McRose Elu is one of those unstoppable aunties. A veteran climate change campaigner, social rights advocate, and 2021 Queensland Senior of the Year, she can’t imagine ever putting her feet up. “There’s so much to do,” says the 70-something-year-old.
Last week I had the privilege of meeting Aunty Rose – as she’s known – on Thursday Island in the Torres Strait. This archipelago of around 270 islands are located off the northern tip of the continent. They are the frontline of Australia’s climate emergency.
I don’t use that expression “climate emergency” lightly. It’s a phrase, if you hear it too much, becomes irrelevant. But when you’ve got saltwater lapping over your roads and your kids can no longer play in the front yard due to storm surges…. This is a real emergency.
Aunty Rose has experienced this first hand.
When sea walls cannot stop the storm surges
‘I’m from one of the outer low-lying islands of Saibai. Even back in the 1940s the salt water was coming. My father decided to move us all to the mainland. We grew up on Seisia – land given to my father and his brothers by the Aboriginal people of the Cape.”
Out of the seventeen inhabited islands of the Torres Strait, seven are becoming inundated as sea levels rise a shocking 6-8 mm per year. Soon, these seven islands will become uninhabitable.
“We often feel forgotten and alone,” Aunty Rose continues. “Australia feels so far away and the politics of Canberra and climate change feel so out of touch. The government thinks that just building a new sea wall will fix the problem. But I’ve told politicians — including Scott Morrison [the former Prime Minister of Australia] that’s not enough. People who think that climate change is not an issue need to see and understand what is happening to us.”
“We can’t grow veggies anymore. Too salty. We are losing our grave sites and the places of our ancestors.” She places her palm flat on her chest, her voice low and wistful. “But I still love that place, bub. That’s our home.”
Thursday Island - Connecting to country
On the first morning of my short trip to Thursday Island (TI), the administrative centre of the archipelago, we are given a tour of the island by a local, Uncle Frank Cook, in his mini-bus.
The first thing he says, “Where your placenta is, that’s where you are from. And I’m from this beautiful island of TI.”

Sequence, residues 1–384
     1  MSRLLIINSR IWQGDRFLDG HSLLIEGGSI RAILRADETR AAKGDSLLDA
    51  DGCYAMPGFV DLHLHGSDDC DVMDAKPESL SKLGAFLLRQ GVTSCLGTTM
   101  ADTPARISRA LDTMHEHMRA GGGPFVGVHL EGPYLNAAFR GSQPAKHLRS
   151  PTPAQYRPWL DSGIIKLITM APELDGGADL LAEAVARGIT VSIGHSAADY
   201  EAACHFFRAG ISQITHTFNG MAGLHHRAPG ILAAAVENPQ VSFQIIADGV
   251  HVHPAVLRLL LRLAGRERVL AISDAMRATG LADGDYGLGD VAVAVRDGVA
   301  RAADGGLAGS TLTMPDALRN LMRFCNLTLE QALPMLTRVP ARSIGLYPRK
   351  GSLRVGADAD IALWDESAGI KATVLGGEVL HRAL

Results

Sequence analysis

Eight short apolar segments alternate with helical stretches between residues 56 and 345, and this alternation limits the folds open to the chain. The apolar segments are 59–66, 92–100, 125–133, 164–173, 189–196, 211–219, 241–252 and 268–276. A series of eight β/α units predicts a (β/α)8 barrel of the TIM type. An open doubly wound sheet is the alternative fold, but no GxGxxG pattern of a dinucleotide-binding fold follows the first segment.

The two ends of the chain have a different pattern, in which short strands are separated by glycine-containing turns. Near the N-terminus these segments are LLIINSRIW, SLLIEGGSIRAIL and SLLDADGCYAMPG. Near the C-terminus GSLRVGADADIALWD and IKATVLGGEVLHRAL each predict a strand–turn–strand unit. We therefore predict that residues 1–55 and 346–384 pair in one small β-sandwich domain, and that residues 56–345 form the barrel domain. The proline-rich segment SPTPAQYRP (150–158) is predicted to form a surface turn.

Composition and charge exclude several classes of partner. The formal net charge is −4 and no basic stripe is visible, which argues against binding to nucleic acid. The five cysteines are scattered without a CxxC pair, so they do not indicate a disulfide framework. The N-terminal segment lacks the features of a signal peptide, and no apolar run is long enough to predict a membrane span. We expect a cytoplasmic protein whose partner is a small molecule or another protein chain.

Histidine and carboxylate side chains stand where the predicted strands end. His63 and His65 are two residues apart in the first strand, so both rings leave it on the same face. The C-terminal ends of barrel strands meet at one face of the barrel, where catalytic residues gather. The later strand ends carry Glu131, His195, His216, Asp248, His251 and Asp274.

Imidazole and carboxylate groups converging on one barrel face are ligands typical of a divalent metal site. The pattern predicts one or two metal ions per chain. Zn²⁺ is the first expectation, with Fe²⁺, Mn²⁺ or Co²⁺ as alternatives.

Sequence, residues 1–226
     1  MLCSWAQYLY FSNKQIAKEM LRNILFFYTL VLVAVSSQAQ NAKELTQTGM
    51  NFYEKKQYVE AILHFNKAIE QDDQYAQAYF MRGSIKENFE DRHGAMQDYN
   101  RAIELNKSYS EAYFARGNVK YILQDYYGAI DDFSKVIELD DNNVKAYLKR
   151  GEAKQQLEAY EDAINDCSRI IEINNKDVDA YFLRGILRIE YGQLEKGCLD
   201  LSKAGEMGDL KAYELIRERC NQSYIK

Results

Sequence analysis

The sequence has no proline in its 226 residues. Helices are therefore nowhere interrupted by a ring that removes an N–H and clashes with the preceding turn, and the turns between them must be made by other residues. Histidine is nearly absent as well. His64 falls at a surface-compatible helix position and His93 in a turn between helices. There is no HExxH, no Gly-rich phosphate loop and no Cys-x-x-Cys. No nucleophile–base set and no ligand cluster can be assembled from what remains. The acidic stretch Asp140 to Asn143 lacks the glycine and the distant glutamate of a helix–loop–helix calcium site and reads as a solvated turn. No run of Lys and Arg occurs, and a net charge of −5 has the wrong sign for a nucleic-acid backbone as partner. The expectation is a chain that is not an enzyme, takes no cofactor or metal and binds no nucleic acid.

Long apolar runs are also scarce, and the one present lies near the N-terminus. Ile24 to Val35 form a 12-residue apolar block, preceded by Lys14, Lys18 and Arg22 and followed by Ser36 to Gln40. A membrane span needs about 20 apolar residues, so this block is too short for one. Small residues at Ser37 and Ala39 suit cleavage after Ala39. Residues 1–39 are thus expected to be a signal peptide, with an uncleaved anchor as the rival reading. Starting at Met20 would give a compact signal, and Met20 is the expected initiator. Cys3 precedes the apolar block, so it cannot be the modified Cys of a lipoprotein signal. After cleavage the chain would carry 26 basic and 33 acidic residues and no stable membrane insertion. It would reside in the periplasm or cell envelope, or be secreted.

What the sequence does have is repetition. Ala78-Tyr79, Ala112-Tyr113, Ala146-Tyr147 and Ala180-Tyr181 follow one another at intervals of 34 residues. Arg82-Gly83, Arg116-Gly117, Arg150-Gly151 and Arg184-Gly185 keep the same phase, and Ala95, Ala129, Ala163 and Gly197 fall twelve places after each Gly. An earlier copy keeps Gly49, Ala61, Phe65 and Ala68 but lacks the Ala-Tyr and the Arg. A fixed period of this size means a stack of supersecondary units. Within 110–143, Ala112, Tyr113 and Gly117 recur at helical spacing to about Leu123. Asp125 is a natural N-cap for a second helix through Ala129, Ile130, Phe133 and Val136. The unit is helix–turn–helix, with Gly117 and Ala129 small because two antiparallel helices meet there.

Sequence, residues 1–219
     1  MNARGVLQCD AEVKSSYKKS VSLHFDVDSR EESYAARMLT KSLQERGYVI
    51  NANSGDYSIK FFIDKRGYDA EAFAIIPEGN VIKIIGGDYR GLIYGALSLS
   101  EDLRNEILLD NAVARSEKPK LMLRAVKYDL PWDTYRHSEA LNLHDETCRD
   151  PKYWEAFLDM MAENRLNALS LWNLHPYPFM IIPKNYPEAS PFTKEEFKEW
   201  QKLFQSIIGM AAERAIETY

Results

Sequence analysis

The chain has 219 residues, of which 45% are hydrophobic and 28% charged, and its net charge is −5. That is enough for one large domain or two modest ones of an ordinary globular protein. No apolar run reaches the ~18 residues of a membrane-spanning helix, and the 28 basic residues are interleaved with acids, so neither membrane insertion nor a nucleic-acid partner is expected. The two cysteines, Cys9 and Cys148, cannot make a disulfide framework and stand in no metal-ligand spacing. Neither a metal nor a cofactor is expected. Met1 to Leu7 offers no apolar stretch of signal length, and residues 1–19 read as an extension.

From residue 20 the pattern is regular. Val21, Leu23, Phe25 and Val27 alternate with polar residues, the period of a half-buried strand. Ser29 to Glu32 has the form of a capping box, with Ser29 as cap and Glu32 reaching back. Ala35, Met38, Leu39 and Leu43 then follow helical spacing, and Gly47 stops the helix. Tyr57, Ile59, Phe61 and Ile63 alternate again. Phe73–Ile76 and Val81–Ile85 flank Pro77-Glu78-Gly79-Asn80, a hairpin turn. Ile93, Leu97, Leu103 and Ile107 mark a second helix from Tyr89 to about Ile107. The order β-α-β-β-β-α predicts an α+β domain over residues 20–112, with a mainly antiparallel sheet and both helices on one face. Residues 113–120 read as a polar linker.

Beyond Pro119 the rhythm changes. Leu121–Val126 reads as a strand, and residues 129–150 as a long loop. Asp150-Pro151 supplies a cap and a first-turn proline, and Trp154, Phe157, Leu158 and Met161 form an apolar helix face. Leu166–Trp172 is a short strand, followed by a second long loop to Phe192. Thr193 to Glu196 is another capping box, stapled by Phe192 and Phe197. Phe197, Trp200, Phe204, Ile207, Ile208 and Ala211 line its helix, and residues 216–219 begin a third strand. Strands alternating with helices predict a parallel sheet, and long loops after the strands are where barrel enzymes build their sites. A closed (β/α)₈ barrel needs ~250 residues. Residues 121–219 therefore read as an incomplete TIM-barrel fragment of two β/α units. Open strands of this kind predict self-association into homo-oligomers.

Among First Nations peoples, the sense of belonging and of connection to country is so palpable, you can feel it. For Aunty Rose, this is what gives her strength and the will to keep campaigning.
In regenerative thinking, we often talk about “the story of place”.
This is where we start when designing a project. Each place is different, so we need to design any project according to the unique attributes of the place it is situated in. We sometimes talk about “place-sourced potential”. This is a fancy way of saying… what are the unique attributes of this place, this island and the community who lives there? What is the potential of this place to change, to heal, to regenerate?
By designing from the ground up, we have a better chance of finding solutions because we aren’t aiming for a one-size-fits-all. Instead, we are aiming for harmony with the locality around us.
Aunty Rose: meditation as her motivator
When Aunty Rose was presented with her Queensland Senior of the Year award, the Premier, Annastacia Palaszczuk, said, “Since 1980 Aunty McRose Elu has been drawing attention to the impact of climate change in the Torres Strait, speaking at the United Nations and to business and political leaders.”
That’s forty years of campaigning. A long time for anyone.
Last year Aunty Rose travelled to Egypt to attend COP 27 (see photo at the top of the post). She’s just returned from delivering a paper on Food Sovereignty at the Social Anthropology in Oceania Symposium in Hawaii. Yet, she has such strong energy, warmth and – despite the knock backs – optimism. Her faith supports her (she’s a committed Anglican). Her daily 4:00 am meditation practice strengthens her.
“I always meditate at that time,” she says. “It is dark and peaceful.” Her hands turn over in front of her, as if she is running them through water. “Meditation renews my energy. It has always been a great help to me.”
Speaking to Aunty Rose reminded me, too, of another regenerative principle: to grow our inner capacity to face the challenges of our external environment. This is where you find balance and harmony.
The spiritual is as important as the physical… and she’s testament to that.
3 things you can do
- Especially, if you live in Australia and don’t know much about the Torres Strait, make a point of learning more about this rich and varied culture.
- This map here gives you its location, or click here to find out more.
- Take a moment today to connect to your country. Walk barefoot, touch the earth, really notice where you are.
Hi, I’m Claire. Through my business Wordstruck we help companies bring their sustainability strategy to life. As the Founder of Regenerative Storytelling, we’re helping leaders do more for their people, their community and the planet. I publish regular content about storytelling, regenerative leadership and reframing how to address our rapidly heating world. To see more of my content, please sign up – and join the conversation by sharing a comment below.